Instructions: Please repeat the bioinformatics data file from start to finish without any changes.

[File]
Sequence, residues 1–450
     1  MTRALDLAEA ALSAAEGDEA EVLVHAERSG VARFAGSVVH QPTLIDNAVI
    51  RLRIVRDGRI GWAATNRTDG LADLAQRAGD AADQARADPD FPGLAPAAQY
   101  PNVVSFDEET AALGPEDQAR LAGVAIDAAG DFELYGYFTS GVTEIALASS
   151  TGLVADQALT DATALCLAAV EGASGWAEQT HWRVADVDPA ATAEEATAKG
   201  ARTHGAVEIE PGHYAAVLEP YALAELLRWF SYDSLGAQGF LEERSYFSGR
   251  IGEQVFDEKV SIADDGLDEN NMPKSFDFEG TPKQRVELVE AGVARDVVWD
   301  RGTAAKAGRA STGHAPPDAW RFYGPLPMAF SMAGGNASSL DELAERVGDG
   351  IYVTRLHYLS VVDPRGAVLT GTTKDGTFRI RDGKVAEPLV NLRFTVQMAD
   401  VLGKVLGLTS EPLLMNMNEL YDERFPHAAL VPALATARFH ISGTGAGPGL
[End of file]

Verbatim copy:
Sequence, residues 1–450
     1  MTRALDLAEA ALSAAEGDEA EVLVHAERSG VARFAGSVVH QPTLIDNAVI
    51  RLRIVRDGRI GWAATNRTDG LADLAQRAGD AADQARADPD FPGLAPAAQY
   101  PNVVSFDEET AALGPEDQAR LAGVAIDAAG DFELYGYFTS GVTEIALASS
   151  TGLVADQALT DATALCLAAV EGASGWAEQT HWRVADVDPA ATAEEATAKG
   201  ARTHGAVEIE PGHYAAVLEP YALAELLRWF SYDSLGAQGF LEERSYFSGR
   251  IGEQVFDEKV SIADDGLDEN NMPKSFDFEG TPKQRVELVE AGVARDVVWD
   301  RGTAAKAGRA STGHAPPDAW RFYGPLPMAF SMAGGNASSL DELAERVGDG
   351  IYVTRLHYLS VVDPRGAVLT GTTKDGTFRI RDGKVAEPLV NLRFTVQMAD
   401  VLGKVLGLTS EPLLMNMNEL YDERFPHAAL VPALATARFH ISGTGAGPGL